Wednesday, April 07, 2010
Dr. M. P. Mishra 4/07/2010 10:08:00 PM BIODIVERSITY
Have you ever come across a scene that has activated you to explore and confirm that termites can eat even grass in a field? I have. Earlier to this new experience I had seen termites on many unpredictable places, like a whitewashed wall, green living tree trunk, wood abandoned in the open and twigs stored for some future use. My mind remains filled with wonder and enquiry that how and why these tiny creatures choose such hard conditions for their living. To add further to the list of wonders about these insects in my mind, I came across a scene which appeared as if some one had spread powdered soil over patches of Cynodon dactylon or the Bermuda grass in the field near the Birsa Hockey stadium in the Morabadi ground of Ranchi.
Being all the time curious by nature I caught a twig and scrapped the soil after which I saw a number of termites. Soon I found a number of patches like that and observed that termite were there for eating away the grass. As temperature rises in summer, grass start drying in absence of water and the dried grass which remains rich in cellulosic matter becomes a preferred food item for termites. It was a new experience for me for the material of a particular species of grass Cynodon dactylon on which I have already done a number of studies related to its decay by different species of fungi.
For the succession of colonization of microorganisms on a plant it is reported (M.P.Mishra, 1996) that some type of injury on the plant body is always necessary. If colonization by microorganisms fails on the plant part, the process of cycling of matter will never stop as it will be continued by termites and other organisms. Thus termites play a very important role in decomposing grass materials in open fields and enriching the soil with nutrients for the next generation of the plant community. Also, these tiny insects aerate the soil by making holes in the earth.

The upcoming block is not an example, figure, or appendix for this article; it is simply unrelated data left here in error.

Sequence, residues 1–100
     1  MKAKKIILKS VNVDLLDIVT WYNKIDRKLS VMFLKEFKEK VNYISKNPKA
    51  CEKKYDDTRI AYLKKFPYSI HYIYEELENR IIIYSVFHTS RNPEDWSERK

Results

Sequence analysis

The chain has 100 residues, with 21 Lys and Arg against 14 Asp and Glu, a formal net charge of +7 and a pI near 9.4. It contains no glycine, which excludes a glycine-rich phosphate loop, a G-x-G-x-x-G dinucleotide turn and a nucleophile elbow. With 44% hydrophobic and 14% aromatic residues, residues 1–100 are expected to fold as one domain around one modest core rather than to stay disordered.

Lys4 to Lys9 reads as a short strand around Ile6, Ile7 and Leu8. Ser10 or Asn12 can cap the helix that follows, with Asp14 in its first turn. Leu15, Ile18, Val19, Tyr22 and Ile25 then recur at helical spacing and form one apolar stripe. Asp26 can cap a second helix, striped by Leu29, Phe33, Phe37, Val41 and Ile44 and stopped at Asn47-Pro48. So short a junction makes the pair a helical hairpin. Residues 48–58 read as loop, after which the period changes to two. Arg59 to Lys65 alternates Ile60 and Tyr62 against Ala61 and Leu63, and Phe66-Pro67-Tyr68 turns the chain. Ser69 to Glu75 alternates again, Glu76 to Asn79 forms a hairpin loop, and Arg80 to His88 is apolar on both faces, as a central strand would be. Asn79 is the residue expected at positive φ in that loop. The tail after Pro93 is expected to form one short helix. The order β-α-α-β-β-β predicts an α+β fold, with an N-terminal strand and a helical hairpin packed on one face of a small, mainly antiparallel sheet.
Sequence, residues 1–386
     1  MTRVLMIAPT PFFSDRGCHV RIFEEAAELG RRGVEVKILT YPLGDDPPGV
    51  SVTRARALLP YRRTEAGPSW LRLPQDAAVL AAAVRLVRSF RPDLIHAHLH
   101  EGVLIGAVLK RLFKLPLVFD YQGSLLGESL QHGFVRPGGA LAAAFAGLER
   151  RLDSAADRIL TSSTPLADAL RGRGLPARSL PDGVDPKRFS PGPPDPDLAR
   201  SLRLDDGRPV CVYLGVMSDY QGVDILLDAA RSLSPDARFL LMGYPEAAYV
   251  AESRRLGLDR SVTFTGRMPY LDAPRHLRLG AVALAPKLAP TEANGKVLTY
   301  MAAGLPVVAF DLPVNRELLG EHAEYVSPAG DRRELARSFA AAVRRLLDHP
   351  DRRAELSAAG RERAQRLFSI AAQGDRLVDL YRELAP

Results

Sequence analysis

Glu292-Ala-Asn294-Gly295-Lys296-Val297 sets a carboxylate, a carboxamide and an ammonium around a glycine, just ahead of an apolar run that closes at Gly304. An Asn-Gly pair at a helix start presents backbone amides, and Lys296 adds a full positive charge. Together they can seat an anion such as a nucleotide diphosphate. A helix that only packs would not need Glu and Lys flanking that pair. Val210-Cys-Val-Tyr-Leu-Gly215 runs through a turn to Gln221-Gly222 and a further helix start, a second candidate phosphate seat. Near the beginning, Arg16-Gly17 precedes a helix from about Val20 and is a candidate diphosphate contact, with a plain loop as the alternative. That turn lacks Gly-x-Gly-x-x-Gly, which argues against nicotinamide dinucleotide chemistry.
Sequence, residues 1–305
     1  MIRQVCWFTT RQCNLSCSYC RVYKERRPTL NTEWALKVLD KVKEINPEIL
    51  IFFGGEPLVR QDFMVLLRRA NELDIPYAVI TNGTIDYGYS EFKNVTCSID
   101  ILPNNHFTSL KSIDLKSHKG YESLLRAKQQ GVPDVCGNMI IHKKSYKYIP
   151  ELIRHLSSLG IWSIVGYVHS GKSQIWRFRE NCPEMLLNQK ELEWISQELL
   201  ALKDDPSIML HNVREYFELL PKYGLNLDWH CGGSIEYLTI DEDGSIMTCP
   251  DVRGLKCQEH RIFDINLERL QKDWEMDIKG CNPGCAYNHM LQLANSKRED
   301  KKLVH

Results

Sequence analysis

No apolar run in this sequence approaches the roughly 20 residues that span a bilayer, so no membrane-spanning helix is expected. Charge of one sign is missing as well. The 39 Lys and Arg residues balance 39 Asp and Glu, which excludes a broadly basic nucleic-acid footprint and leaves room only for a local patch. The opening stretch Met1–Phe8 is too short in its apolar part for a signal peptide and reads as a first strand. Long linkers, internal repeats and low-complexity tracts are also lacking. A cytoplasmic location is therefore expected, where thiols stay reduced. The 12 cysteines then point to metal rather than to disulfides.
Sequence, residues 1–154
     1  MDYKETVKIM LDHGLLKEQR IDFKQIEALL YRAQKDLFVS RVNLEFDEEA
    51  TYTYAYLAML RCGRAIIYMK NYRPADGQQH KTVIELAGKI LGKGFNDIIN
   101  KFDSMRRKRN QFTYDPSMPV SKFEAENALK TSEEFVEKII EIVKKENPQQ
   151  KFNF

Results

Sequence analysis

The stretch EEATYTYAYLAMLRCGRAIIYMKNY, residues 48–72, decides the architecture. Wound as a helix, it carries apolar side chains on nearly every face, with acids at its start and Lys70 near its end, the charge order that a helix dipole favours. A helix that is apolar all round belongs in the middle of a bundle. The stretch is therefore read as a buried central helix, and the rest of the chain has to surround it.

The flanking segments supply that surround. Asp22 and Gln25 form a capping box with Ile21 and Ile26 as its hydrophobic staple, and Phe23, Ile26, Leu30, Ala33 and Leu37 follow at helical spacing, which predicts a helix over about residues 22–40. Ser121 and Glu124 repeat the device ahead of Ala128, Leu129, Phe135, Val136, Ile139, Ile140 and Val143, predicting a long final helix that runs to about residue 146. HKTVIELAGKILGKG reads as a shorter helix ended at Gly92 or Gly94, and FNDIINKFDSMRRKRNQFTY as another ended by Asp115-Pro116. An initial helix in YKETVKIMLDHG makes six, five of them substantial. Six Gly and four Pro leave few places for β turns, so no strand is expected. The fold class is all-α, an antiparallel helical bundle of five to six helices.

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Termites are supposed to be known by every human being in the world. These have been living on and in the earth since the times of dinosaurs. These are a group of eusocial insects taxonomically classified in the order Isoptera.Like bees, wasps and ants which have been placed in the taxonomic order Hymenoptera, termites have a culture of dividing labour among gender lines, producing overlapping generations and taking care of the young collectively. As of 1996, the total number of recognized species of termites is 2,800. Termites live in colonies and they can eat non-stop for whole 24 hours in a day. Thus they can cause damage worth two billion dollar per year. The total weight of all of the termites in the world has been predicted to be more than the weight of all the humans in the world.
Termites mostly feed on dead parts of plants which remain generally in the form of wood, leaf litter, soil, or animal dung, and about 10% of the estimated number of total termite species, are economically significant as pests that can cause serious structural damage to buildings, crops or plantation forests. Termites are major detritivores, particularly in the tropical and subtropical regions, and their recycling of wood and other plant matter is of considerable ecological importance.
Key Words : Termites,Eusocial,Isoptera, Cynodon dactylon, grass, bermuda grass,detritivores, economically significant, tropical, sub-tropical, recycling of wood, cellulose